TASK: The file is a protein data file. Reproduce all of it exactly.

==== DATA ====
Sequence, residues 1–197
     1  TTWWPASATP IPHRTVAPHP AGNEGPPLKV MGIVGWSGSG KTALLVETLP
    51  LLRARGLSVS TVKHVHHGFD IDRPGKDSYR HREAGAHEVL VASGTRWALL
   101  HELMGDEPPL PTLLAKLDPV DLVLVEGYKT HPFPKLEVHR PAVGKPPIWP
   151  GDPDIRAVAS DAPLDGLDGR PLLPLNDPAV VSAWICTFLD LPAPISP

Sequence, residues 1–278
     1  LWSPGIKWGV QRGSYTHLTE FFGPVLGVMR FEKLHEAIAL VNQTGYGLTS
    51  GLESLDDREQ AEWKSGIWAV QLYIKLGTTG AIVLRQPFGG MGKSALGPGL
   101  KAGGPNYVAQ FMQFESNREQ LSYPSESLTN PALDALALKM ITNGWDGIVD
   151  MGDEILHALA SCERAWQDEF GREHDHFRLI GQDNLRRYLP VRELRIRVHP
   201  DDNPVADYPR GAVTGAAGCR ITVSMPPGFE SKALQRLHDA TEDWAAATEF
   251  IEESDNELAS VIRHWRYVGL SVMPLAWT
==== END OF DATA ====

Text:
Sequence, residues 1–197
     1  TTWWPASATP IPHRTVAPHP AGNEGPPLKV MGIVGWSGSG KTALLVETLP
    51  LLRARGLSVS TVKHVHHGFD IDRPGKDSYR HREAGAHEVL VASGTRWALL
   101  HELMGDEPPL PTLLAKLDPV DLVLVEGYKT HPFPKLEVHR PAVGKPPIWP
   151  GDPDIRAVAS DAPLDGLDGR PLLPLNDPAV VSAWICTFLD LPAPISP

Sequence, residues 1–278
     1  LWSPGIKWGV QRGSYTHLTE FFGPVLGVMR FEKLHEAIAL VNQTGYGLTS
    51  GLESLDDREQ AEWKSGIWAV QLYIKLGTTG AIVLRQPFGG MGKSALGPGL
   101  KAGGPNYVAQ FMQFESNREQ LSYPSESLTN PALDALALKM ITNGWDGIVD
   151  MGDEILHALA SCERAWQDEF GREHDHFRLI GQDNLRRYLP VRELRIRVHP
   201  DDNPVADYPR GAVTGAAGCR ITVSMPPGFE SKALQRLHDA TEDWAAATEF
   251  IEESDNELAS VIRHWRYVGL SVMPLAWT